The city is preparing for Syttende Mai on May 14-16, as the council approved a temporary liquor license pending paperwork, closure of Maple Drive for a majority of Saturday, May 15 and the “Running with My Gnomies” race route. Musikk Fest will happen June 26.
The council approved the location of the Simple Living Farmers Market, which will open May 12 and close Oct. 13. The market is likely to be open again on Wednesdays, from 4 to 7 p.m., with the exception of September and October where the hours will be 4 to 6 p.m.
It was approved with the contingency the group work in conjunction with Music in the Park, not overlap food vendors and follow any social distancing guidelines in place at that time.
Fest building walking will end April 2. Since warmer weather is on the way, the number of walkers has been dwindling down, Amundson said.
The council approved a utilities director position starting in June in preparation for current Public Works Director Paul Morken’s retirement at the end of 2021. The city can either hire from within the department or hire someone outside the department. This position is budgeted.
The council approved a resolution that undoes the waiving of platting a subdivision on Maple Dr., previously approved in May 2020. The original plan by Josh Myhre did not have a platting procedure and it was a non-conforming subdivision to begin with, according to Amundson.
The land was then sold to Amundson and her husband. Once the legal description was sorted out, the land went back to just one plat, not five. There were also issues with the storm sewer recordings for the city, and drainage issues, she cited.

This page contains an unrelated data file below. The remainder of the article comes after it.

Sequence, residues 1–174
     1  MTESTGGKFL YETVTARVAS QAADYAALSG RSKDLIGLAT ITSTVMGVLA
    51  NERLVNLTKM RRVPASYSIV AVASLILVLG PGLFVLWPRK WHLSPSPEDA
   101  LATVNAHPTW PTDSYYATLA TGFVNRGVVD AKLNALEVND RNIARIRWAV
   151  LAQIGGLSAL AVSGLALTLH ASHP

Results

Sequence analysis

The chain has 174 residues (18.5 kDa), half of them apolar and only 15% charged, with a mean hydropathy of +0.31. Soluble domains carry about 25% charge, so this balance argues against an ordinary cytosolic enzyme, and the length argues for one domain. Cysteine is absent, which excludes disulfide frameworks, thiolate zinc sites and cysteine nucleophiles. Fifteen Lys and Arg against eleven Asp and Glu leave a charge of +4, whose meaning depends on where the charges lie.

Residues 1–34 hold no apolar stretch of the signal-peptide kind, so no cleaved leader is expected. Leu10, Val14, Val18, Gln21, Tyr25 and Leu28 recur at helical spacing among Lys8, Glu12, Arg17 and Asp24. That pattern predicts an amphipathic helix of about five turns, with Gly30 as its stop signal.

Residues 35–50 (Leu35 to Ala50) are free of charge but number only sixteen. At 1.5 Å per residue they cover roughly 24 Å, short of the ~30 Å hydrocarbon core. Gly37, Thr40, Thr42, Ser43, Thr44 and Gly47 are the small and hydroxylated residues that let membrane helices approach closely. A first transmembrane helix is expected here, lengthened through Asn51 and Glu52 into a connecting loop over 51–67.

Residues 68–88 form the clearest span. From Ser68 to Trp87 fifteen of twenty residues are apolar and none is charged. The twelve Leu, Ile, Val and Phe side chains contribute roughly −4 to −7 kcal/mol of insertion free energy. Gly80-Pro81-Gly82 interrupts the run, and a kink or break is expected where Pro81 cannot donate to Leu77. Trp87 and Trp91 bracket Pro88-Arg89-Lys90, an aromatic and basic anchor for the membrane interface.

The council appointed Solberg as the council liaison for the new Spring Grove 2030 EDA subcommittee. This new group will focus on future development concerning new business spaces, lodging, performing arts, community meetings and so on. Swanson said it’s still early, but so far the group has participation from the school, EDA, council, local churches, nonprofit groups, businesses, chamber of commerce and more.
The council went into closed session to discuss staffing considerations for the police department. When they came back to open meeting, the council approved Police Chief Paul Folz to search for a standby officer. The council also approved keeping the staffing level at three full-time officers.
The next meeting will be April 20, at 6 p.m. at the Fest Building, in person or via Zoom. Contact City Hall at 507-498-5221 for Zoom information.